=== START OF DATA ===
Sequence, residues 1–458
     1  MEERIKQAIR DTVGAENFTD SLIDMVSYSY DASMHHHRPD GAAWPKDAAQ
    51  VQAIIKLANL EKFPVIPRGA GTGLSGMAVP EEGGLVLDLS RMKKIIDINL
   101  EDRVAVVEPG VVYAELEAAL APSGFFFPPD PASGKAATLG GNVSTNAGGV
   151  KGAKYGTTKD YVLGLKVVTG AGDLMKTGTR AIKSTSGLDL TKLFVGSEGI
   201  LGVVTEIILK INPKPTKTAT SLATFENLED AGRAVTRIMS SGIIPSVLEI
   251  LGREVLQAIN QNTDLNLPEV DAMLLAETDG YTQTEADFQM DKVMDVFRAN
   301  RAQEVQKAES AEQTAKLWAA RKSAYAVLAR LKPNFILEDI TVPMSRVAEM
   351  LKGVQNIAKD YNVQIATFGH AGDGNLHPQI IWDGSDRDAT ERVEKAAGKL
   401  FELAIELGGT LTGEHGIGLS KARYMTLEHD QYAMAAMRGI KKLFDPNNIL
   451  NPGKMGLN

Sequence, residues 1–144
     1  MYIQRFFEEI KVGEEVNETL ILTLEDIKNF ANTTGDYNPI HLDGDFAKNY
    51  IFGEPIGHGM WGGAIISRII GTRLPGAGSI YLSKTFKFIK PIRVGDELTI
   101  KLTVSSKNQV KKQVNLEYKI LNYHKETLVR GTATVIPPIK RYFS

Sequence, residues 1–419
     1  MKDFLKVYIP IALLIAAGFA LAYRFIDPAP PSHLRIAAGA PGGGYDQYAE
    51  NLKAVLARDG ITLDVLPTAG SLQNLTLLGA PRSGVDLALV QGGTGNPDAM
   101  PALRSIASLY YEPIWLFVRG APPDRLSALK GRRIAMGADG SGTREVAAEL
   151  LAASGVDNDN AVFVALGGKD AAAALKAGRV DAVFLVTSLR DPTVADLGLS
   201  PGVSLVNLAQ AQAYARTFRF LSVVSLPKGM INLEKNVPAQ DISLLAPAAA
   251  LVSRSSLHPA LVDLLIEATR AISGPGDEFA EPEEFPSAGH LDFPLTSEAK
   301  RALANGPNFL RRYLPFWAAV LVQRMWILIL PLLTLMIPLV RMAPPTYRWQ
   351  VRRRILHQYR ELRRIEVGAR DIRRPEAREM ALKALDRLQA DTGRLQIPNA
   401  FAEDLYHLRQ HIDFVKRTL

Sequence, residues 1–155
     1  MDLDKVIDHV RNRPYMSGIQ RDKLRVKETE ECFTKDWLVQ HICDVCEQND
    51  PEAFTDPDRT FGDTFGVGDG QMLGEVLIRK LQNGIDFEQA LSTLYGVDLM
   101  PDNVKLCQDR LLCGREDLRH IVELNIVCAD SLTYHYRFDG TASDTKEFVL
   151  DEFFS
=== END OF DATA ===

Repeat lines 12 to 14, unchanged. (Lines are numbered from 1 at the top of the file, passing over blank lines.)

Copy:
Sequence, residues 1–144
     1  MYIQRFFEEI KVGEEVNETL ILTLEDIKNF ANTTGDYNPI HLDGDFAKNY
    51  IFGEPIGHGM WGGAIISRII GTRLPGAGSI YLSKTFKFIK PIRVGDELTI